Compress your project’s schedule by working in parallel streams
Plan your project with teams working in parallel - it’s like owning a time machine!
Parallel Agile (PA) is a simple but highly effective way to organize large projects so that teams can more easily deliver software in parallel. Its goal is to reduce the cost of communication between teams so that projects can scale out efficiently.
PA combines these key ingredients:
- microservice architecture
- an adapted and updated version of the Spiral Model
- advanced code automation in the form of a domain-driven code generator
The spiral model (full name Incremental Commitment Spiral Model, or ICSM) has its roots in large, million+ lines of code development efforts. It emphasizes iterative, feedback driven, risk minimized development through short cycles (we could almost call them sprints!)
We won’t dwell here on the details of the ICSM, but instead we’ll jump straight to PA’s simplified spiral model:
We’ve found 1 month per phase works well: it allows developers to focus on the job at hand without the distraction of too much agile ceremony. With a large team of developers working in parallel, this means you can deliver a large-scale project in 3 months.
Proof of Concept Phase
The first phase starts with a domain modeling workshop with the stakeholders — a few hours is usually plenty. Your team creates a prototype from this domain model. The “magic sauce” here is that you can automatically create an initial, baseline version of the prototype in a matter of seconds — so you’re prototyping against a live database and API.
For the majority of the phase you’ll be enhancing the prototype and gaining early feedback from the stakeholders. Because the API is generated, the team can focus on the UI and the data model to get it all just right.
The first phase is also a time of requirements discovery — identifying user stories and breaking them down into use cases.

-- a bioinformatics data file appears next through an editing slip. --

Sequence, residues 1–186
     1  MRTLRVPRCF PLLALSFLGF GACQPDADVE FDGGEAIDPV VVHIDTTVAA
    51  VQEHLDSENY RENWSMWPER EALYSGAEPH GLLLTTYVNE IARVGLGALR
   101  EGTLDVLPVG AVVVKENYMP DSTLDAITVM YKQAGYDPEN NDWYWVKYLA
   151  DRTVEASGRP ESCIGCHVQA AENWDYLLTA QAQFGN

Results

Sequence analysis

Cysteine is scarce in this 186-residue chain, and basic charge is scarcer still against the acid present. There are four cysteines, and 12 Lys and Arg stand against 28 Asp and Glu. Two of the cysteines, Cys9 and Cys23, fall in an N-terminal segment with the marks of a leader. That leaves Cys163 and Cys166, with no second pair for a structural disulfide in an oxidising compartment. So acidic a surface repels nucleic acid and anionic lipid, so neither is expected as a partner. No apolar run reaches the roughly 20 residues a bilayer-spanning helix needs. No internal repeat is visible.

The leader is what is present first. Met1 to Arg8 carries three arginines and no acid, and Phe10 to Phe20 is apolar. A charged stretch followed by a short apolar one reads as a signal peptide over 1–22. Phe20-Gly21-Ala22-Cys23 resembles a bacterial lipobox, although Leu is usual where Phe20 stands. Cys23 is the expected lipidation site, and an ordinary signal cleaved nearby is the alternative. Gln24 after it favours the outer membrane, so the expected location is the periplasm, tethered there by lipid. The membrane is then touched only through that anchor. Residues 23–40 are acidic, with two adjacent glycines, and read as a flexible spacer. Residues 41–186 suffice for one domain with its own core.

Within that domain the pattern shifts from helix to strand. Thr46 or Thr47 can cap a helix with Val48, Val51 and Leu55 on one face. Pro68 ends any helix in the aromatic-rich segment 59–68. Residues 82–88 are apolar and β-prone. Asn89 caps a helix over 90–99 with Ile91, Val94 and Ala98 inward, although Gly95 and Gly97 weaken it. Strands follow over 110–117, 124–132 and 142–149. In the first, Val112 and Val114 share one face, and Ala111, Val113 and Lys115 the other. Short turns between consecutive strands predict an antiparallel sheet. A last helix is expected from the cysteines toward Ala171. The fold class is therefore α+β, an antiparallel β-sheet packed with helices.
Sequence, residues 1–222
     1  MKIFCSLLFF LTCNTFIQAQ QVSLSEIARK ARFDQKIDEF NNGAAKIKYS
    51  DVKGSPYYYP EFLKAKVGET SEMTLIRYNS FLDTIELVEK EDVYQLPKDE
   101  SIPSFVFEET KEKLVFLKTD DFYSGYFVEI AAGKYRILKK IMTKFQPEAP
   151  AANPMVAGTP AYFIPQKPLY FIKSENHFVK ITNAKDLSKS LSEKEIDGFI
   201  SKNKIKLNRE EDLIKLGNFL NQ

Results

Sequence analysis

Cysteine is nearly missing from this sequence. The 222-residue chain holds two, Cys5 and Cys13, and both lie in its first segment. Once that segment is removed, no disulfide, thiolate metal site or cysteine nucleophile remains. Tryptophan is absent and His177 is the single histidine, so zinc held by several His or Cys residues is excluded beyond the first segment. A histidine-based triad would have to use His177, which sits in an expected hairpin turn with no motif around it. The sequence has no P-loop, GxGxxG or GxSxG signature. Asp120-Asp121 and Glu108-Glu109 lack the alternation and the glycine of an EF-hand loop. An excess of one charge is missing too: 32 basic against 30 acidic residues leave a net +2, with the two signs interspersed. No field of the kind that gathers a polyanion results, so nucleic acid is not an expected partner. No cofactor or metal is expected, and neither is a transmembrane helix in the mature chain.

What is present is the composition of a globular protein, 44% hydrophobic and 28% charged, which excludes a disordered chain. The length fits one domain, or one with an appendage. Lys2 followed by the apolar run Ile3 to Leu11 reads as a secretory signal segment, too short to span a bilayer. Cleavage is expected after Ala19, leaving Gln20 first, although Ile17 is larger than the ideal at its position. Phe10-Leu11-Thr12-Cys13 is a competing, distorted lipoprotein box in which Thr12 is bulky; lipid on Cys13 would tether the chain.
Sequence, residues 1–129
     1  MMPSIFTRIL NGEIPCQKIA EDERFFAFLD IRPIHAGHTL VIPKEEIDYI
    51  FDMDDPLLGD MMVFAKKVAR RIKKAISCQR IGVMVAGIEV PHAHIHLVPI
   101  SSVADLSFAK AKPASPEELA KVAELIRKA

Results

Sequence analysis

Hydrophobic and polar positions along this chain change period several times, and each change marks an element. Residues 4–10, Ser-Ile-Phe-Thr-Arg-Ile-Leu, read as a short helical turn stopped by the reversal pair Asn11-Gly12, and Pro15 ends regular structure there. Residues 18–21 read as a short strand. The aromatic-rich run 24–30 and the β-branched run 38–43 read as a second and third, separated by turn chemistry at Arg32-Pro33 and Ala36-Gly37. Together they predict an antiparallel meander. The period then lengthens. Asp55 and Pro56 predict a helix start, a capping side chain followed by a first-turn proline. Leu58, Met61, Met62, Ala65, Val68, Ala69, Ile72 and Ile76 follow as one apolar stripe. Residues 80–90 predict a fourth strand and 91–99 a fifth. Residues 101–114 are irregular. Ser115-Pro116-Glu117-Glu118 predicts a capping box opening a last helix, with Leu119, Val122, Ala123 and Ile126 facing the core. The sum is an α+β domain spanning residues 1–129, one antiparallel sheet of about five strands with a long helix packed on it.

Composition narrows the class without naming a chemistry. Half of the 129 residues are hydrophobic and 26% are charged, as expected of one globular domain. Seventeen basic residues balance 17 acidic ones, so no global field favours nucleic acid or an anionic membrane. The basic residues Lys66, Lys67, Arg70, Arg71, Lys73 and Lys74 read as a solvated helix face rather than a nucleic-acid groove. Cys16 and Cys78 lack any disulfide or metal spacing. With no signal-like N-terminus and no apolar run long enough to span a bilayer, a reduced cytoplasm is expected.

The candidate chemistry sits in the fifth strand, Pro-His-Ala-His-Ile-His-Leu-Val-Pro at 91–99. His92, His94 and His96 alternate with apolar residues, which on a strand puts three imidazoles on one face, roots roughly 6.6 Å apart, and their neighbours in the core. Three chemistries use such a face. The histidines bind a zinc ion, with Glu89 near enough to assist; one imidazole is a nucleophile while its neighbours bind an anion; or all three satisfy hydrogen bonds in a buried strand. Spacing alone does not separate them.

The domain model serves as a “software backplane” that all of the use cases can plug into as they are being independently developed.
The second phase is “design and build time”, where:
- The developers implement the code and unit tests for each use case, focusing particularly on edge cases — “unhappy paths”
- The testers write acceptance test scripts
- The stakeholders provide feedback on early builds
Because the project’s been given such a healthy start, with everyone knowing precisely what they need to do, the completed MVP should be pretty close to the finished product. However, the third phase — optimization — makes absolutely sure.
The software testers get testing, the stakeholders put the software through its paces, while the developers fix bugs and refactor where needed.
Here’s the twist: Do all of that… in parallel
To enable developers to work in parallel, your team applies the spiral model on a per use-case basis. Each developer is allocated one use case which they implement end-to-end.
In other words:
Where specialised skills or experience are needed, developers can organise into short-lived “strike teams” (or long-lived feature teams) — e.g. a React UI developer teams up with a big data expert and a server-side engineer to deliver a single use case together.
To further enable parallel development, organize the domain model logically into microservices, each with a set of consumer-driven contract tests to ensure service A remains in sync with, say, the message output schema from service B.
Organized in this way, teams can create and deploy individually without tripping over each other… meaning you can scale out by adding more developers to work in parallel. This is achieved with very little friction which would otherwise have slowed the teams down.
In short, Parallel Agile unleashes the “people power” of large teams to get things done faster than small teams can. Give it a try!
PA now has its own book, available from February: Parallel Agile – faster delivery, fewer defects, lower cost by Doug Rosenberg, Barry Boehm, Chuck Suscheck and Matt Stephens (that’s me).